· Water quality and quantity downstream can be affected, which can have an impact on plant life.

· Finding a suitable site can be difficult - the impact on residents and the environment may be unacceptable.

· Fish migration is restricted.

· fish health affected by water temperature change and insertion of excess nitrogen into water at spillways

· available water and its temperature may be affected

· reservoirs alter silt-flow patterns

How Hydropower Plant works

A hydroelectric power plant harnesses the energy found in moving or still water and converts it into electricity.

Moving water, such as a river or a waterfall, has mechanical energy. ‘Mechanical energy is the energy that is possessed by an object due to its motion or stored energy of position.’ This means that an object has mechanical energy if it’s in motion or has the potential to do work (the movement of matter from one location to another,) based on its position. The energy of motion is called kinetic energy and the stored energy of position is called potential energy. Water has both the ability and the potential to do work. Therefore, water contains mechanical energy (the ability to do work), kinetic energy (in moving water, the energy based on movement), and potential energy (the potential to do work.)

The potential and kinetic/mechanical energy in water is harnessed by creating a system to efficiently process the water and create electricity from it. A hydroelectric power plant has eleven main components. The first component is a dam.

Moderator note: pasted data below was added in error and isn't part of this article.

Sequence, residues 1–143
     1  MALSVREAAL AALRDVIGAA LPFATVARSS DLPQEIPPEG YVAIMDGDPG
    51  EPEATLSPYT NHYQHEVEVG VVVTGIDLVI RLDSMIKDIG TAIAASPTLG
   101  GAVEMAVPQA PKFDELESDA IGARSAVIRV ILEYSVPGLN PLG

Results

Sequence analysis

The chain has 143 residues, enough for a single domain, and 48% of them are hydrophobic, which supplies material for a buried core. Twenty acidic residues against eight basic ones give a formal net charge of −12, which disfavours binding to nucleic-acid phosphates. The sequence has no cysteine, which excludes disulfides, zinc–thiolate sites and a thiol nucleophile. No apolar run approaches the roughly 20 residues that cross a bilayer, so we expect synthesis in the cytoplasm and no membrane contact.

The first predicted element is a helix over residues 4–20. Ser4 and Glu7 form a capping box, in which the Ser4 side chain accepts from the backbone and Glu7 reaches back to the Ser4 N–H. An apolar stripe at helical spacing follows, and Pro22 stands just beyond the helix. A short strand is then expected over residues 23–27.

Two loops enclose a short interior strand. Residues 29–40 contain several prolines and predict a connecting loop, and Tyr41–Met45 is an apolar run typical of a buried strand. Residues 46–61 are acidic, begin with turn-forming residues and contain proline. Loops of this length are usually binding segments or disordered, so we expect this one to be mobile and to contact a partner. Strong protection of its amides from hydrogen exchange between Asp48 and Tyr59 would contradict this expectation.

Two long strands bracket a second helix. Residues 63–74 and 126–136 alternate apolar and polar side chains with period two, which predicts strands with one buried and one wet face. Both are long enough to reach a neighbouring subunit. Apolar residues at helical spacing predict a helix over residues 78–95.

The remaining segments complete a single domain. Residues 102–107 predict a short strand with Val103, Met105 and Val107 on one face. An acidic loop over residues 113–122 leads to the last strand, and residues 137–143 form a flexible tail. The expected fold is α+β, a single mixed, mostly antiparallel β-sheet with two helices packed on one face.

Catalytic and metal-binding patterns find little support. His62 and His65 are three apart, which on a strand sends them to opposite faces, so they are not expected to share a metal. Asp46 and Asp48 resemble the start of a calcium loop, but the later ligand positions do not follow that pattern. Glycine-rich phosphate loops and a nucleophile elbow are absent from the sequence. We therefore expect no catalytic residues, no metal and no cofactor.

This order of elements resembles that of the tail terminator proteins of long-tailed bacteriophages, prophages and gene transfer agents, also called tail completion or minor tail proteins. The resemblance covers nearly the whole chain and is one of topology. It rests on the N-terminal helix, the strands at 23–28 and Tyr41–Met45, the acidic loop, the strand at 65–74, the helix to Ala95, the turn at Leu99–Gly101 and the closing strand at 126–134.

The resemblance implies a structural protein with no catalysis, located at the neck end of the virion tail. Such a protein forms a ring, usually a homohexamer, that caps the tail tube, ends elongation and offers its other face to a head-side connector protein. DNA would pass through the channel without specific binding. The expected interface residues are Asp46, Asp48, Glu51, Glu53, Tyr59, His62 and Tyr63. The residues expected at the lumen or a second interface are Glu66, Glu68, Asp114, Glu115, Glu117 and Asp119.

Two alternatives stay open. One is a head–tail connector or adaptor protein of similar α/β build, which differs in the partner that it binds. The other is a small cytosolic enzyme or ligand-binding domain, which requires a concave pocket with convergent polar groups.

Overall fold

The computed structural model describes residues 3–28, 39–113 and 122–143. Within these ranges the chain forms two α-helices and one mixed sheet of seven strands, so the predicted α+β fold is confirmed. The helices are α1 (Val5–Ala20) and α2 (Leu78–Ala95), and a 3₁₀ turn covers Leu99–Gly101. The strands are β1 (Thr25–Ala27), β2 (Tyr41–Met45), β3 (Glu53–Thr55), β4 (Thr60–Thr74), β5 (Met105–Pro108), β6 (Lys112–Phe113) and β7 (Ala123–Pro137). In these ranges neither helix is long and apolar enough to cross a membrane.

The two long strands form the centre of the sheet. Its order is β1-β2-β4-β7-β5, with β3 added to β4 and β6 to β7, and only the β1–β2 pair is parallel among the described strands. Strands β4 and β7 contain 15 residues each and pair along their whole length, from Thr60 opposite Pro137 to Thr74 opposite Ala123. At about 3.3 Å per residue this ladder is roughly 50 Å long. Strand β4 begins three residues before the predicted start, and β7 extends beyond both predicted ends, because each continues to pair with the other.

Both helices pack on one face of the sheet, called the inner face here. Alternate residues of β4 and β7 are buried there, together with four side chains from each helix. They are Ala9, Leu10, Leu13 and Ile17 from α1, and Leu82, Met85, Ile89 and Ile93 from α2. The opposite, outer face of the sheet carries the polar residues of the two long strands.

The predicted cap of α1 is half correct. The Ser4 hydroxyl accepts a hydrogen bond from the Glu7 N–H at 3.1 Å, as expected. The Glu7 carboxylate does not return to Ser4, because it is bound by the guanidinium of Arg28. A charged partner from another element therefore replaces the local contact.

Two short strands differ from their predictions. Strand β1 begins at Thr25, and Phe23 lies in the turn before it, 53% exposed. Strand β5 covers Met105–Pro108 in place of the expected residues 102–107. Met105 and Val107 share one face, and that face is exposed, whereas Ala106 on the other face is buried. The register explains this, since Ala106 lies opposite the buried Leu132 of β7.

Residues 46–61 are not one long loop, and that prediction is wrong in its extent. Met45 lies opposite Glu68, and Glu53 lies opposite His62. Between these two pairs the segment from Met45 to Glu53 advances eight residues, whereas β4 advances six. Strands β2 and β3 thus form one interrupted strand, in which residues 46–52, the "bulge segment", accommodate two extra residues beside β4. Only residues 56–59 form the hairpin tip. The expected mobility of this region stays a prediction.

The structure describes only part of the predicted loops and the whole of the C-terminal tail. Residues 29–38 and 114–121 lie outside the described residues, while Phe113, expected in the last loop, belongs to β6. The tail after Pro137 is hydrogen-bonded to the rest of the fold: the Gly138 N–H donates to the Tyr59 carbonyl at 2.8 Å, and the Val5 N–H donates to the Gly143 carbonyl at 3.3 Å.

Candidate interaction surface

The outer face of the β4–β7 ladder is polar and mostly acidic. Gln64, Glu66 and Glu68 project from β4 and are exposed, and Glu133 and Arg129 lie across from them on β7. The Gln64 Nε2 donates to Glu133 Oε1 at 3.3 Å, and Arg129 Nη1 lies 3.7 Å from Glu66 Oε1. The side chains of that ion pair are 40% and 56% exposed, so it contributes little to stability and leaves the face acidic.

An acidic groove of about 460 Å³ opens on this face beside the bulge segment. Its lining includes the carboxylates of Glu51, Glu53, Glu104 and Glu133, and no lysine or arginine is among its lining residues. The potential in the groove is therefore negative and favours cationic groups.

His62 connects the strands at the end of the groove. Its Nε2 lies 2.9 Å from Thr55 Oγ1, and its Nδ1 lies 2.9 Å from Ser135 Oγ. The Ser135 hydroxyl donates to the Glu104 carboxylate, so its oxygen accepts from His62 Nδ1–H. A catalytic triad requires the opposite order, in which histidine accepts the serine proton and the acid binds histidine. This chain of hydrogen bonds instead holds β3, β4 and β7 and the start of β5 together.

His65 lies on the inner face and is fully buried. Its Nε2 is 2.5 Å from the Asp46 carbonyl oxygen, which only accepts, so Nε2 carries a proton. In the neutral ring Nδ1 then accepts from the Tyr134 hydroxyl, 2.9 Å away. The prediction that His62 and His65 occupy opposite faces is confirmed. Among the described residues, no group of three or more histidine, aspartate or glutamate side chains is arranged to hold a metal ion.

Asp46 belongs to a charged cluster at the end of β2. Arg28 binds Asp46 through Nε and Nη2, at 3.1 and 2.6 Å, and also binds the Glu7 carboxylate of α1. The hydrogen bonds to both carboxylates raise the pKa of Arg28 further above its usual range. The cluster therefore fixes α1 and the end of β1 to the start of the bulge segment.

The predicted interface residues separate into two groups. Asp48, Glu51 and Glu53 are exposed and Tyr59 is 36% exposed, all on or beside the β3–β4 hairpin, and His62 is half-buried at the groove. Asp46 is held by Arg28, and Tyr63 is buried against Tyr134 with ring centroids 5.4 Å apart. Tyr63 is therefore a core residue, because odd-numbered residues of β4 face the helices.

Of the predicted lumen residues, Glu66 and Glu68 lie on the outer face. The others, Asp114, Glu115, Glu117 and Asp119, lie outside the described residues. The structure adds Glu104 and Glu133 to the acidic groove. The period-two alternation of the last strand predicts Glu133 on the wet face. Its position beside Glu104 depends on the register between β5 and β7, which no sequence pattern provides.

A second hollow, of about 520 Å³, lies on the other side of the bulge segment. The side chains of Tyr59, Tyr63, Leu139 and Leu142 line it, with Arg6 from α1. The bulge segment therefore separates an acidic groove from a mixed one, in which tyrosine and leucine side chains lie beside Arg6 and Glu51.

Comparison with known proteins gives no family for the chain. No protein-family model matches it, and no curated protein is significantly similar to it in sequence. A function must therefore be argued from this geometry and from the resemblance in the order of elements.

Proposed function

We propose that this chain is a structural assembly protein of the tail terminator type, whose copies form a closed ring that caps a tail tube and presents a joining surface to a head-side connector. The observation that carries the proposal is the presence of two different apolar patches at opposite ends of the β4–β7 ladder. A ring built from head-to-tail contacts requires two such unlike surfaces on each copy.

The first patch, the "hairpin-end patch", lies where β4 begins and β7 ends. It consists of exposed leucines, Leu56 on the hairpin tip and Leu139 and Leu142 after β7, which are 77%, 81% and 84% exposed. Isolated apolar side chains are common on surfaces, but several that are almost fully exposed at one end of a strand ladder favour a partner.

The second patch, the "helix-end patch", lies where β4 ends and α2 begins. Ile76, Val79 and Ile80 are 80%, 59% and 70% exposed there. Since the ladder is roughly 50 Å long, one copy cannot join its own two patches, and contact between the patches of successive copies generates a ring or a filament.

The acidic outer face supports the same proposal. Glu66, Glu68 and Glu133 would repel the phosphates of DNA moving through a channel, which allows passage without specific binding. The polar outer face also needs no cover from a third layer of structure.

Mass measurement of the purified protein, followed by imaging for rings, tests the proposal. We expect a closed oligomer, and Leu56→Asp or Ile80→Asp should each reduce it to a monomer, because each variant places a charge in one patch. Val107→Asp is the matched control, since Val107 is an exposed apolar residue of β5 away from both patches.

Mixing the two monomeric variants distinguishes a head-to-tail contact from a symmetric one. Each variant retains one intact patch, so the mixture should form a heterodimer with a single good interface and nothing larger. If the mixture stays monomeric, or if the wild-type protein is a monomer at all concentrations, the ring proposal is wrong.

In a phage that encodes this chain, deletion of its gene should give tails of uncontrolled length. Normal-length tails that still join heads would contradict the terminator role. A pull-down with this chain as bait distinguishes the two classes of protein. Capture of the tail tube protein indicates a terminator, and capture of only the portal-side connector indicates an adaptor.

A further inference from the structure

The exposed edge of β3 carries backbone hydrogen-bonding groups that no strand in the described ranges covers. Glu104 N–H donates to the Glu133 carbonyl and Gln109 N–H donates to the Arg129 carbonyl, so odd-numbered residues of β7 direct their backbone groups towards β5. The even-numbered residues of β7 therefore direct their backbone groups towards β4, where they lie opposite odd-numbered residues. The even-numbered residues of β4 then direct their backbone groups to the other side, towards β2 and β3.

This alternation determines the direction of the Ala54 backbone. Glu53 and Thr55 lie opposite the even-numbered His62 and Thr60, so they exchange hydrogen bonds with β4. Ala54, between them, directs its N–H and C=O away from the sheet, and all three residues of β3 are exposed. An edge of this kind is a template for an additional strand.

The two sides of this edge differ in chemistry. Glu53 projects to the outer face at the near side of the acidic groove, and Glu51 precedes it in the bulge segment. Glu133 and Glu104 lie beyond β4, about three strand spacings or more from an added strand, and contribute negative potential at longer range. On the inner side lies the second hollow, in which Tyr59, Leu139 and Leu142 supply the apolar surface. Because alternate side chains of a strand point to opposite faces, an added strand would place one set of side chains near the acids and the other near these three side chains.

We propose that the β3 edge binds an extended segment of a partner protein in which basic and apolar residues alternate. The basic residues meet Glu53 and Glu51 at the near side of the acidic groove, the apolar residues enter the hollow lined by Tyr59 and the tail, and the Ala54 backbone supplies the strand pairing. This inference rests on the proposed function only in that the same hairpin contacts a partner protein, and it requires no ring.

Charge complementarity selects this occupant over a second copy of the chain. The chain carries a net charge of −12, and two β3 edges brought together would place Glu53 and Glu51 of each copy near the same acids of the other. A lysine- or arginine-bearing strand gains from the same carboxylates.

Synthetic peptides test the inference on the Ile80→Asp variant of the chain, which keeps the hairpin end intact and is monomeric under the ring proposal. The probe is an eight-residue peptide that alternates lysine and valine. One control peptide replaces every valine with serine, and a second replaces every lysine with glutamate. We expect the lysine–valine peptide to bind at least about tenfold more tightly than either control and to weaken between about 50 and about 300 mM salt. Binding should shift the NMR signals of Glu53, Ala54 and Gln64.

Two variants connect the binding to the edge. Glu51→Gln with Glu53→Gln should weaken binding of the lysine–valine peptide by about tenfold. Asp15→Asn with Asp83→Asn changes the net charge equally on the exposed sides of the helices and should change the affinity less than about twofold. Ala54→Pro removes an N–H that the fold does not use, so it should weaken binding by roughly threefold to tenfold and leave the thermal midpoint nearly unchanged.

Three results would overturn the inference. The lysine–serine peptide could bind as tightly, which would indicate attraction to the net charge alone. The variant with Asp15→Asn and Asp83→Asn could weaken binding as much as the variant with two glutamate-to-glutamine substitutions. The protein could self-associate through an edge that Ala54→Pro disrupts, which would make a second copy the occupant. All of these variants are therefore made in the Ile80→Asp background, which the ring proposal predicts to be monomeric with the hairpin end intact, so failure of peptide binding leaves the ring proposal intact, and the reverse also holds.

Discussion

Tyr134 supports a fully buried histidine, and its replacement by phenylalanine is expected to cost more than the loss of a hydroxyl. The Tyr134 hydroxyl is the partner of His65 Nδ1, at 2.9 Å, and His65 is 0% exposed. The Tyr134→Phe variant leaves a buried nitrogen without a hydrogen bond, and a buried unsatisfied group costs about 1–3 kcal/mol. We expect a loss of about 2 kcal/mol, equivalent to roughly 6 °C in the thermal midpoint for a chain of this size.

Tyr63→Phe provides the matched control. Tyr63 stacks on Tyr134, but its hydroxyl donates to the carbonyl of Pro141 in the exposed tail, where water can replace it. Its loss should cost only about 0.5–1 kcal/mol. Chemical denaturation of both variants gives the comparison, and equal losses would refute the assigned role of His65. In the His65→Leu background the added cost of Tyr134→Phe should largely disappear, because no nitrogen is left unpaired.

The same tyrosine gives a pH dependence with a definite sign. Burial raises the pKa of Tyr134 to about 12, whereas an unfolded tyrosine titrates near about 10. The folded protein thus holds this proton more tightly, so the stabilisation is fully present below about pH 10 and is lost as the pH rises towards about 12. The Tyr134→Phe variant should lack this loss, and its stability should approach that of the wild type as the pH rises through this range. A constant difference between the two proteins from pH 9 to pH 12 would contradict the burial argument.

The dam is usually built on a large river that has a drop in elevation, so as to use the forces of gravity to aid in the process of creating electricity. A dam is built to trap water, usually in a valley where there is an existing lake. An artificial storage reservoir is formed by constructing a dam across a river. Notice that the dam is much thicker at the bottom than at the top, because the pressure of the water increases with depth.

The area behind the dam where water is stored is called the
reservoir. The water there is called gravitational potential energy. The water is in a stored position above the rest of the dam facility so as to allow gravity to carry the water down to the turbines. Because this higher altitude is different than where the water would naturally be, the water is considered to be at an altered equilibrium. These results in gravitational potential energy, or, “the stored energy of position possessed by an object.” The water has the potential to do work because of the position it is in (above the turbines, in this case.)